Victoria: Chapter 13

The fate of Governor Hokem made it clear that, once Mainers thought about it, they were on the right side in the culture war. While the establishment in Maine remained liberal, it got pretty quiet about it. It was not looking forward to another test of strength with those of us who followed the old ways.

But we knew the feds would come in eventually. They always did. Our victory in Maine had not gone unnoticed in Washington. The forces of cultural Marxism were still dominant there, and they were looking for an opportunity to take us down.

Through the winter of 2020-2021 and into the spring, I worked to build the Christian Marines, and the Christian Marines worked to spread the Maine Idea. Most of the grass-roots groups had gone for the concept, and they were hitting the hustings to spread it around. It wasn’t really that hard; most folks already understood that all Washington did was take their money and spit in their face.

I knew the Maine Idea would not become real, however, until Maine had to fight for it. Even if we fought and lost, it would help. The fact that we dared fight the federal government would strengthen people’s desire for independence, as the Battle of Bunker Hill did in the first revolution. If we could fight and win – that would give the people of Maine hope that our dream of being free again might become real.

The challenge, and our opportunity, came in the early summer of 2021. The Democrats were back in power in Washington, and their slogan was “A Rainbow Over America.” For Maine, that translated into an announcement on June 22 by “Ms.” Lateesha Umbonga LaDrek, the Secretary of HUD, that her department had purchased two large apartment clusters in Bangor. The current rent-paying residents would be moved out, and 350 black federal prison parolees from out of state would be moved in. LaDrek said the purpose of this action was “to offer oppressed people of color a second chance by letting them serve as ambassadors of diversity to the people of Bangor, who were imprisoned in an all-white ghetto.”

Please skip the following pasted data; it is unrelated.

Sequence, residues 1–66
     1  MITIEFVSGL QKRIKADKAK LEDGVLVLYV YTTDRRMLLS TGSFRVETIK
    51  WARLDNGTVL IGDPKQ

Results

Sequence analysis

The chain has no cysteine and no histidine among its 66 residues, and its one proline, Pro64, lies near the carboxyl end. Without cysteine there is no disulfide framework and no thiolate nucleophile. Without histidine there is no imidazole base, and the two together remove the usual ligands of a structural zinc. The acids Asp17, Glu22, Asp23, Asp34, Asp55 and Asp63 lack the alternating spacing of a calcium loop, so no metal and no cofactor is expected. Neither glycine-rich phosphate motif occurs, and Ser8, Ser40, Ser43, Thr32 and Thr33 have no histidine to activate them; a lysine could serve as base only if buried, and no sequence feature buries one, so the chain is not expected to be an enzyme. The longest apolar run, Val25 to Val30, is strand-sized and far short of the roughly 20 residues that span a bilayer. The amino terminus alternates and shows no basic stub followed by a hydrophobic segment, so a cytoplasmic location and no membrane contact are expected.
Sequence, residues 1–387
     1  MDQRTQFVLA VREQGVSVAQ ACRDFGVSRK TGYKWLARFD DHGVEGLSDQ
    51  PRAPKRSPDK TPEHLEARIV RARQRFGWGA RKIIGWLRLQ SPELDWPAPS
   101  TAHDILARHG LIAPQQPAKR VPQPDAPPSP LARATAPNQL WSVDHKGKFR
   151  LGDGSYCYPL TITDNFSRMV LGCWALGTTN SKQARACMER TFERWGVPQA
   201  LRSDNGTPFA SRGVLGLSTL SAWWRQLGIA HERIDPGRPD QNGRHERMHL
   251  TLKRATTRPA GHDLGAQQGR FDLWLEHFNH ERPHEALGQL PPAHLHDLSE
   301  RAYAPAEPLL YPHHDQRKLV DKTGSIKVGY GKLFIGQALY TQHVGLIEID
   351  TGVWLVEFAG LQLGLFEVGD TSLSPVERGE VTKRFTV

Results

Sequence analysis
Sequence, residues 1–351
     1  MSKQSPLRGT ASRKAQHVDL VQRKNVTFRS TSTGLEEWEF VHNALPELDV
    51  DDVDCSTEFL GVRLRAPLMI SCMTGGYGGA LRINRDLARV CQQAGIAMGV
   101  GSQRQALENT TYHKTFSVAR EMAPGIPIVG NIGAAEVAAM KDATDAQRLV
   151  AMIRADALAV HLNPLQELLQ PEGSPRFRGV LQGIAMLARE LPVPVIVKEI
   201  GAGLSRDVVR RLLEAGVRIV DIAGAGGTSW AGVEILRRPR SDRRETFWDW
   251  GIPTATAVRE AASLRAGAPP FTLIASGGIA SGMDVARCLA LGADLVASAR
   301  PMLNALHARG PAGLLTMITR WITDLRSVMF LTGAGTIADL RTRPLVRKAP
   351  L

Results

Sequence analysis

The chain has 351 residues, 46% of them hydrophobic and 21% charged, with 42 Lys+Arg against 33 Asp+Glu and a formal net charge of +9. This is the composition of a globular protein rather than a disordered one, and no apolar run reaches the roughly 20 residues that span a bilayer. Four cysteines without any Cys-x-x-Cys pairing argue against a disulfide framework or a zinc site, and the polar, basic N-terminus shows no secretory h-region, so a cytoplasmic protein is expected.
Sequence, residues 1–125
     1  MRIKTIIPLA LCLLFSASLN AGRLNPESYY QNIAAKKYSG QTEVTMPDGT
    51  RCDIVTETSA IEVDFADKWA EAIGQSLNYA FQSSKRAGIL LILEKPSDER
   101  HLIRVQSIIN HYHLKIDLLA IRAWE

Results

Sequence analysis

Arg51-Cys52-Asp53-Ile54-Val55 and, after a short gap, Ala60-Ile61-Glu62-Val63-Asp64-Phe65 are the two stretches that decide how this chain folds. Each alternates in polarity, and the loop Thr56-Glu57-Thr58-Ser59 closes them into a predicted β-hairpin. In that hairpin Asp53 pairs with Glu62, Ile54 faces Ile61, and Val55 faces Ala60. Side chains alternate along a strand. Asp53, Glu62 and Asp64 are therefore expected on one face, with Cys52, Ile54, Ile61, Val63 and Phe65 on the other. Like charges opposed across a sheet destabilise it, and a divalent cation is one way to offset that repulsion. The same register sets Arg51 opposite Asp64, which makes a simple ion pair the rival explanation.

Maine seethed. But after years of being told that they were evil “racists,” people felt morally unable to defend themselves. They dared not speak openly against the trashing of their community.

I knew we had to turn that around. The first step was for us Christian Marines to put our heads together. When we met at the Old Place on June 25th, I put the problem squarely. “I think Maine can stop this, if it will fight. But it has to know it’s in the right before it will fight,” I said. “You all know the problem. Any resistance to black scum, even by decent blacks, brings screams of moral outrage from the cultural Marxists. Most folks have been so conditioned by this crap they can’t stand up to it. They think they’re Hitler if they dare defend their – our – community. So we have to win the moral fight first. How can we do that?”

“First, let the feds win a partial victory,” said Major Fitzgerald from Portland. “Let them throw the current residents of those apartments out. They’ve given them only 30 days to vacate, and the TV news is playing that up. The feds look heartless, as they are when its a matter of white folks. Seeing all those people’s lives suddenly disrupted tells Mainers there’s something wrong here.”

“OK, that makes sense,” I replied. “Let the enemy overextend himself. But how do we keep them from moving the black scum in?”

“By moving someone else in first.” The speaker was one of our more unusual recruits, Father Dimitri, an Orthodox missionary from Russia. Russia was again a Christian nation, under a new Tsar, and she saw her mission as carrying the Word to the repaganized West. Father Dimitri was one of many Orthodox missionaries working in the States, and he was also a Russian Naval Infantry chaplain. Some of our former “spooks” had brought him in to the Christian Marines; they knew him, and I trusted them.

“What do you mean?” I asked.

“The enemy is presenting these black criminals as ‘the poor,’ so good people feel it’s wrong to oppose them,” said the priest. “Of course, with your liberal churches, no clergy tell them that Christianity historically has distinguished between the deserving poor, who are poor through no fault of their own, and the undeserving poor, whose poverty is caused by their own sins. Before the undeserving poor qualify for our charity, they must repent – they must change their ways. Otherwise, we are just helping them along the road to Hell.”